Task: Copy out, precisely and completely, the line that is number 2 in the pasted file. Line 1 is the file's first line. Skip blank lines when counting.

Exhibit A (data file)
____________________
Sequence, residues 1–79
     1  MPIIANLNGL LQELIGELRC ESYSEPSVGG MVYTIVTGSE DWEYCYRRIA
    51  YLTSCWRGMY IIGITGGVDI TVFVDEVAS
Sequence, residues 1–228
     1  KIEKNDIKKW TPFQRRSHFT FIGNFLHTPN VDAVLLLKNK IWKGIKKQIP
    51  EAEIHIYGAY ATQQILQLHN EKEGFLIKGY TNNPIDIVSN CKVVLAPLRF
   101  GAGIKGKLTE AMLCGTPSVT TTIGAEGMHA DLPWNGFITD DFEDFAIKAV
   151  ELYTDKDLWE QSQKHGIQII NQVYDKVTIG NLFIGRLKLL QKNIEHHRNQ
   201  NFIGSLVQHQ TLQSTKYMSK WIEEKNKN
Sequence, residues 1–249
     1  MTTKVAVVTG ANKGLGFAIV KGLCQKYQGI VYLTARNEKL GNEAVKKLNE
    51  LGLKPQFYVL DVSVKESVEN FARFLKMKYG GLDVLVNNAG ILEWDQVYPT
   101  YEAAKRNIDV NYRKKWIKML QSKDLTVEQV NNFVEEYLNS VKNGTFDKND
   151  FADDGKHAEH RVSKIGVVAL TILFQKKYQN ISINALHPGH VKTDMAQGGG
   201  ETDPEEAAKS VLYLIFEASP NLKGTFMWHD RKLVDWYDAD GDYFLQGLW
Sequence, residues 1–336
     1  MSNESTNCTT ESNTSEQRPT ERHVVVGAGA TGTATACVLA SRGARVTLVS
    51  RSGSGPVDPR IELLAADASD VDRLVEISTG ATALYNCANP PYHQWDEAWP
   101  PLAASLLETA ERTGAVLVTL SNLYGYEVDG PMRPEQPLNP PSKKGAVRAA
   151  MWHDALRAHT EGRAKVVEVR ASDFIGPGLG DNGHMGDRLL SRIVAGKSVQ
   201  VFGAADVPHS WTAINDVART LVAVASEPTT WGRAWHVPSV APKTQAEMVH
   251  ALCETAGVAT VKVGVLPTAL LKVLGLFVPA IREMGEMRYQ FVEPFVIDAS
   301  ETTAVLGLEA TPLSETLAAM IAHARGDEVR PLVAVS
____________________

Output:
     1  MPIIANLNGL LQELIGELRC ESYSEPSVGG MVYTIVTGSE DWEYCYRRIA